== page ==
Caddisflies are common around ponds, streams, and other slow-moving bodies of water. The female caddisflies deposit their eggs in the water. When the eggs hatch, the immature insects, called larvae, are aquatic. They live in the water and breathe with gills.
Some larvae are known as “free-living”. These larvae are often predators. They feed on other insects, minnows, and small invertebrates.
Many caddisfly larvae make protective shelters. They produce silk and fasten together sticks, small stones, abandoned shells, and other debris. They live inside these cases and add onto them as they grow.
Some caddisfly larvae use broken pieces or hollow sticks for their shelter cases. They simply climb inside the hollow stick and they have a shelter. When they are ready to move, they put their legs out and walk away. They carry the stick-shelter along with them when they go.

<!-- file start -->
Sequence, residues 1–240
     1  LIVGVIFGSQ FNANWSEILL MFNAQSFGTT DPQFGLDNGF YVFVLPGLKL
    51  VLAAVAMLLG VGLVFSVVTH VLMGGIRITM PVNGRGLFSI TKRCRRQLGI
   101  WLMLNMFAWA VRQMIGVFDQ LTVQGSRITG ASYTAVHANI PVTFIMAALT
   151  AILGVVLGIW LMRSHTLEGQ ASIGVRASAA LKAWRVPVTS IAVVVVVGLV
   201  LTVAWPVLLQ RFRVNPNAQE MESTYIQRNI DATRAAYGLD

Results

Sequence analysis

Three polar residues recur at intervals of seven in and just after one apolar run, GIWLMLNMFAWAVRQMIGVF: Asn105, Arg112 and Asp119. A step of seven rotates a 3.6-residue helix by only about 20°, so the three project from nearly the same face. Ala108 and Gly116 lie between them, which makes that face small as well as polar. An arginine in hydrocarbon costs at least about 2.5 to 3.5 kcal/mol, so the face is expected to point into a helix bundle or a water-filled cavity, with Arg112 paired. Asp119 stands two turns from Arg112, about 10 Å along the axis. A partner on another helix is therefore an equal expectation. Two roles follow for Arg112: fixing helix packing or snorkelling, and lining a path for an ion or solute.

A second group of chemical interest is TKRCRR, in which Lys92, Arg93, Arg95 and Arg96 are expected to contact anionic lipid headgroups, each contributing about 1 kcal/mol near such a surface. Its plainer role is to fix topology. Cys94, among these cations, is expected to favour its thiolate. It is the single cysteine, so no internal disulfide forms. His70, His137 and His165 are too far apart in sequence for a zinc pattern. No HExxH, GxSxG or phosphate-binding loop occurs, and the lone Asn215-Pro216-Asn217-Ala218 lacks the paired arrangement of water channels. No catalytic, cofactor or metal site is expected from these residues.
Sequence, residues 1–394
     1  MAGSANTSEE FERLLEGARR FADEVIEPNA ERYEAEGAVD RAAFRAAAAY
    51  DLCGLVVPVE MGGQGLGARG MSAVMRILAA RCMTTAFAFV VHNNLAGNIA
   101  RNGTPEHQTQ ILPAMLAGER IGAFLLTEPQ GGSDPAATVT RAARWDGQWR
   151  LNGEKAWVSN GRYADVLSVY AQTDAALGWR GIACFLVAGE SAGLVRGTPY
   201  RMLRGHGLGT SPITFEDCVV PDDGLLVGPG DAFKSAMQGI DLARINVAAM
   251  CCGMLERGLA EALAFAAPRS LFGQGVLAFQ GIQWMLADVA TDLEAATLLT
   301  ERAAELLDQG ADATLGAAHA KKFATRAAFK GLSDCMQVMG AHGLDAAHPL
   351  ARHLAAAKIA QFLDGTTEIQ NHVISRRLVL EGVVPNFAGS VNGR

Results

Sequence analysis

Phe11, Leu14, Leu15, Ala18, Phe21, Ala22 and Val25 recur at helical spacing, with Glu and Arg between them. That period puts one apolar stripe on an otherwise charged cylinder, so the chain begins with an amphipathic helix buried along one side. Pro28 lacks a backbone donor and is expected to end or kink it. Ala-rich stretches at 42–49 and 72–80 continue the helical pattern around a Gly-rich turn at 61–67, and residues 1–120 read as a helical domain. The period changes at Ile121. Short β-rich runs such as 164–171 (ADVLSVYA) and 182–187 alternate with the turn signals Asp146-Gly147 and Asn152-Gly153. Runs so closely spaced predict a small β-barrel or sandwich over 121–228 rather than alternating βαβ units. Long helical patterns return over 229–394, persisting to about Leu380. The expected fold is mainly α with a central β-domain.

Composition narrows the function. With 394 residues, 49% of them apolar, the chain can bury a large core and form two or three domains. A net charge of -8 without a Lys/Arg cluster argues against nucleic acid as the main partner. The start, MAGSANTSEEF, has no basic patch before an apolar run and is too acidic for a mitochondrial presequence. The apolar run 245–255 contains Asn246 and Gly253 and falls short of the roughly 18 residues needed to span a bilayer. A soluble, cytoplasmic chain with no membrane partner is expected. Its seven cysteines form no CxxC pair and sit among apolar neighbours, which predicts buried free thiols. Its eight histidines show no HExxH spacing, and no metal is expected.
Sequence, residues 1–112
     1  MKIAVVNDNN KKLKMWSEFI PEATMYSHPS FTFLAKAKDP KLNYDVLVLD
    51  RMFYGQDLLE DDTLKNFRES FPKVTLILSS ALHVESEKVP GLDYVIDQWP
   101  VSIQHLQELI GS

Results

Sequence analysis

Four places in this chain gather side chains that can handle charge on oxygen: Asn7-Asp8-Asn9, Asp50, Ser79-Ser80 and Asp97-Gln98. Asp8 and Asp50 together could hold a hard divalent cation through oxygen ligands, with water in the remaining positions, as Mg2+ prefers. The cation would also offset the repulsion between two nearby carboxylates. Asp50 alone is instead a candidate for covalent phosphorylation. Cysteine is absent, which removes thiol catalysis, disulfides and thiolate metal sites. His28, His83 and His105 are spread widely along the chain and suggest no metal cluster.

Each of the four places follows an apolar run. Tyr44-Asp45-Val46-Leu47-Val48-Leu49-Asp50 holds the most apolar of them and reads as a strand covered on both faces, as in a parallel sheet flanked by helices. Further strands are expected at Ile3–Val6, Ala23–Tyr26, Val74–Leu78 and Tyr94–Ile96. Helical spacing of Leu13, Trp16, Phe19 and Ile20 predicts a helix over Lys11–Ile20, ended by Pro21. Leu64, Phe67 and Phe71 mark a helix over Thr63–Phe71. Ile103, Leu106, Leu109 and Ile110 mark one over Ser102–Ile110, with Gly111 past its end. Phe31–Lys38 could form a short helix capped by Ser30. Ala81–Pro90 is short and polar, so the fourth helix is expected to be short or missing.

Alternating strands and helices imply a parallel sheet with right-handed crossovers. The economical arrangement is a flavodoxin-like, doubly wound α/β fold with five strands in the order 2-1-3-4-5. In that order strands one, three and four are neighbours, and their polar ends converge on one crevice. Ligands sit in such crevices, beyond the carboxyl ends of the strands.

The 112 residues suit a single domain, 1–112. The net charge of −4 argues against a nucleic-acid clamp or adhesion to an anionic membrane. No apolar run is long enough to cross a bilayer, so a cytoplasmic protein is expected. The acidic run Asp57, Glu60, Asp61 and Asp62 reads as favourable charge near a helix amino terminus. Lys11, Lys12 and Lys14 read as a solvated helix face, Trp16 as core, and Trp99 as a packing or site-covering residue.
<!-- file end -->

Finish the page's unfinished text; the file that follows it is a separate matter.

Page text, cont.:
The purpose of the shelter is to provide protection from predators like fish. The larvae wait until the predators have passed by, then they start to move around. Experts suggest that caddisfly watching requires patience. It is necessary to wait until the larva starts moving. Until then, the larva often seems invisible in its camouflaged shelter.
When the larva is ready to change into an adult caddisfly, it simply seals itself inside the case. The larvae that develop late in the summer might not finish changing until spring. After it has changed into an adult caddisfly, the insect comes to the surface. There are often hundreds of new adult caddisflies near the pond. They find mates and start the life cycle over again.